There are three views of the thousand years and they all have subsets:
1. Premillennialism is the view that Jesus will return to earth, defeat all of the evil in the world, bind Satan, and then will reign on earth a thousand years with all of the resurrected believers (1st resurrection) and the 2nd resurrection is all unbelievers so that they can face the Great White Throne of judgement.
2. Amillennialism is the view that there is not a literal thousand year binding of Satan or reign of Jesus on the earth, but the thousand years is symbolic and describes Christ’s reign throughout the Church age while is also describes Satan as being restricted as to what he can do. The believers are not resurrected in bodily form, but are resurrected in a heavenly form.
3. Postmillennialism is the view that the thousand years represents the triumph of the Gospel and a period of peace will precede the second coming of Christ. The millennium is literal, but only the martyrs of 6:9 are resurrected to reign with Christ as a special reward (1st resurrection) while the 2nd resurrection is for everyone else; believers and non-believers alike. Believers will be rewarded while unbelievers will face the lake of fire.
Osborne*** sees view 1; Beale* sees view 2; Mounce** sees view 3.
Instead of settling on one of these views, we will try to see where the text leads us. One observation is clear; throughout the Apocalypse, chronological order is not a given and just because the below passages may seem to be chronological, doesn’t necessarily mean that they follow a chronological pattern. We have seen this time and time again; especially with the seals, the trumpets, and the bowls which all end with the eschaton.
Beale* goes to great lengths to describe that the final battle that appears in 20:7-10 is the same battle that occurs in 19:11-21 which is also described in 16:17-21. Beale’s conclusion is also based on his careful analysis of Ezekiel 38-39 which is one OT prophecy that has yet to be fulfilled. (Pgs. 972-983). His analysis is far to much to place here, but one of his points must be noted. We know from 15:1 that the final plagues (the bowl judgements) will conclude God’s wrath. So, if the seventh bowl concludes God’s wrath, are we to have a separate judgement after a millennium? Or, is the millennium a retelling of what we have just been exposed to from a different point of view? We have already seen how this happens over and over again throughout the Apocalypse. He also says that 12:7-11 parallels with 20:1-6 and offers a great comparison. (See Pg. 992).
1 And I saw an angel coming down from heaven having the key of the abyss and a great chain in1 his hand2. 2 And he seized3 the dragon, the old snake4, who is the Devil, and Satan5, and bound him a thousand years6. 3 And he threw him into the abyss and shut and sealed it over him7 , so that he might not deceive8 the nations until the thousand years may be complete9. After these things, it is necessary for him to be released a little while10.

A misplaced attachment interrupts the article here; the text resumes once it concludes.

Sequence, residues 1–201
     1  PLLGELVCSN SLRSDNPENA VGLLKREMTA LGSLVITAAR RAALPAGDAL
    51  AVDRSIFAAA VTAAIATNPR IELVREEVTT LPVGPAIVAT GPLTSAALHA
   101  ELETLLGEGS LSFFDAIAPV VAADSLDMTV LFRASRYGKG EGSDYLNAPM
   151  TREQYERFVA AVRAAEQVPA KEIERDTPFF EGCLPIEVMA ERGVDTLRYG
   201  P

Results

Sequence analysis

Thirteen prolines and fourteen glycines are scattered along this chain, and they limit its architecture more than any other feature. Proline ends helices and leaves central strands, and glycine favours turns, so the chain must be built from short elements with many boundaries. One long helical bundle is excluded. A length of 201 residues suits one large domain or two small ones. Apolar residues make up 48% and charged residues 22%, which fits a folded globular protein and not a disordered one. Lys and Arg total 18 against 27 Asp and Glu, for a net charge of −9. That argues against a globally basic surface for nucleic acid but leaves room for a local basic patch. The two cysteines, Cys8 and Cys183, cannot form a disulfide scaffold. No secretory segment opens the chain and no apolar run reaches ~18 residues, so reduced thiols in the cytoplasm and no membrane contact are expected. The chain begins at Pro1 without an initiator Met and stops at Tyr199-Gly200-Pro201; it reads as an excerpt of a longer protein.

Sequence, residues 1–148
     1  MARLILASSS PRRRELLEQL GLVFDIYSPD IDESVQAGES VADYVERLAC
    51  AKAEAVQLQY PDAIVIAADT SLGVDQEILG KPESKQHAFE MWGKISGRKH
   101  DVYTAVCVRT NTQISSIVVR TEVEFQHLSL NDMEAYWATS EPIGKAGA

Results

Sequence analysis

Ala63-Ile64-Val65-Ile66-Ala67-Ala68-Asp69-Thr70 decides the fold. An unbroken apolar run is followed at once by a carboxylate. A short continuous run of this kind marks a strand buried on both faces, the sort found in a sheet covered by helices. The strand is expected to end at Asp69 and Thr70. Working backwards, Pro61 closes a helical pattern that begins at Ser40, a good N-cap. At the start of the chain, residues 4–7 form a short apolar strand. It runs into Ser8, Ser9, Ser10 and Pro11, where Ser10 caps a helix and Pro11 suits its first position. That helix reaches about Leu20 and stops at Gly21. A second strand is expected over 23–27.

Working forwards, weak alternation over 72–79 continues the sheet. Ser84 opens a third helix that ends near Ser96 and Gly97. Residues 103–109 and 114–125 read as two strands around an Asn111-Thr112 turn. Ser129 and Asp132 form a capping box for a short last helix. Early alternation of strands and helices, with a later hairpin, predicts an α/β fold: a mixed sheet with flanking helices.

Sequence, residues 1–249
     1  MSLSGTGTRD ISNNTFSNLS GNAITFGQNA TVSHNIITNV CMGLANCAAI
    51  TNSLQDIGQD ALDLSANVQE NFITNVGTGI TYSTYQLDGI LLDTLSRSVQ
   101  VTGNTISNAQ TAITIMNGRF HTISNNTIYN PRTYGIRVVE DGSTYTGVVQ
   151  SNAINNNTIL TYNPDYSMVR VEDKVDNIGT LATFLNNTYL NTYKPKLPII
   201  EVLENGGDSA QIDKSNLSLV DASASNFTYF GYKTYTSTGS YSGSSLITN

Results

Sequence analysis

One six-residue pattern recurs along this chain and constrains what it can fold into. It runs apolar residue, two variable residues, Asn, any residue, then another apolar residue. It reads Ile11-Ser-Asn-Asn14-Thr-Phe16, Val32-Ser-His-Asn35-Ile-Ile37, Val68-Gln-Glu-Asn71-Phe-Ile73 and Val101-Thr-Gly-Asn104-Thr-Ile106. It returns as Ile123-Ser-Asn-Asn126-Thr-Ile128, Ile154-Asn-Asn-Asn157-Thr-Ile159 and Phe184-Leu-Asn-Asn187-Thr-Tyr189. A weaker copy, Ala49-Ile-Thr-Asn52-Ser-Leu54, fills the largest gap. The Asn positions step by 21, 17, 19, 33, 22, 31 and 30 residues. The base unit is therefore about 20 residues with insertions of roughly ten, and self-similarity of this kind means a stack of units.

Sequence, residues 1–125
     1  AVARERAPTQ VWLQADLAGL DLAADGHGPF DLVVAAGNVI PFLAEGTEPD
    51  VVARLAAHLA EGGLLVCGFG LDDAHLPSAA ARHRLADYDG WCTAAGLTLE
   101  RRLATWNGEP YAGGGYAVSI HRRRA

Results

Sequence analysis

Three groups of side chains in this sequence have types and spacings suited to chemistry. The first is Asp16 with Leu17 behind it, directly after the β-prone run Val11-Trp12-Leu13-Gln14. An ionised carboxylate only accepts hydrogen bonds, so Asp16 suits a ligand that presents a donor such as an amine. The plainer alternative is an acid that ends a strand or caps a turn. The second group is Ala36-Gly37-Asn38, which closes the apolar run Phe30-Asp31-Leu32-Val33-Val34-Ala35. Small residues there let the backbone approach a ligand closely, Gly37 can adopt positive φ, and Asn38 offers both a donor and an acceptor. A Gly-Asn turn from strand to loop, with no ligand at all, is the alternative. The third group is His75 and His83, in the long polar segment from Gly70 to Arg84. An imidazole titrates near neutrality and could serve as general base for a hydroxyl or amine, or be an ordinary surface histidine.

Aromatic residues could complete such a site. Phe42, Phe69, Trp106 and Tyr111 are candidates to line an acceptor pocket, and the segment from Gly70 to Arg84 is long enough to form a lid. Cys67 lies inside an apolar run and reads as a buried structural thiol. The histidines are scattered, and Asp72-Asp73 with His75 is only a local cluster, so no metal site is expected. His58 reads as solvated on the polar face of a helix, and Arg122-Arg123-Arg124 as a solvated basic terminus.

4 And I saw thrones and they sat on them and judgement was given to them11 , namely12 the souls of the ones who were beheaded13 because of the testimony of Jesus and because of the word of God14, and whoever did not worship the wild beast nor his image, and did not receive the mark on their forehead and on their hand15. And they came back to life16 and reigned with Christ a thousand years. 5 (And the rest of the dead did not come back to life until the thousand years was complete.) This is the first resurrection. 6 Blessed and holy is the one who who has a part in the first resurrection17; the second death does not have authority over these18, but they will be priests of God and of Christ and they will reign with him a thousand years.19
1 ἐπὶ (in)
or “on”. It’s possible that the key and the chain were on the angel’s opened palm.
There is One Who holds the keys, into Whose hand all judgment is given. There is One to Whom Satan will answer. There is One Who has seen the end from the beginning. There is One Whose purpose is being fulfilled, and it will be to our good. It is hard to understand things now, but one day we will see the big picture.
2 In 9:1, we see an angel coming down from heaven to open the abyss during the fifth trumpet judgement. It is quite possible that this is the same angel. From the seen in Chapter 9, we can conclude that the gateway of the abyss remained open and will now be shut in order to imprison Satan. Osborne*** (Pg. 699) draws from 1 Enoch 10 to state that the abyss is a prison for demonic spirits.
1 Enoch 10: 1-7
1 Then said the Most High, the Holy and Great One spake, and sent Uriel to the son of Lamech, 2 and said to him: Go to Noah and tell him in my name "Hide thyself!" and reveal to him the end that is approaching: that the whole earth will be destroyed, and a deluge is about to come 3 upon the whole earth, and will destroy all that is on it. And now instruct him that he may escape 4 and his seed may be preserved for all the generations of the world. And again the Lord said to Raphael: Bind Azazel hand and foot, and cast him into the darkness: and make an opening 5 in the desert, which is in Dudael, and cast him therein. And place upon him rough and jagged rocks, and cover him with darkness, and let him abide there for ever, and cover his face that he may 6,7 not see light. And on the day of the great judgement he shall be cast into the fire.
The chain is used to either chain Satan’s arms and feet so that he can’t move (Mounce** Pg. 352) or used to chain him to the wall inside the abyss. Either way, he’s not getting out until he is released.
3 ἐκράτησεν (he seized)
Greek: “he grasped”. The angel took hold of him securely.
4 ὁ ὄφις ὁ ἀρχαῖος (the old snake)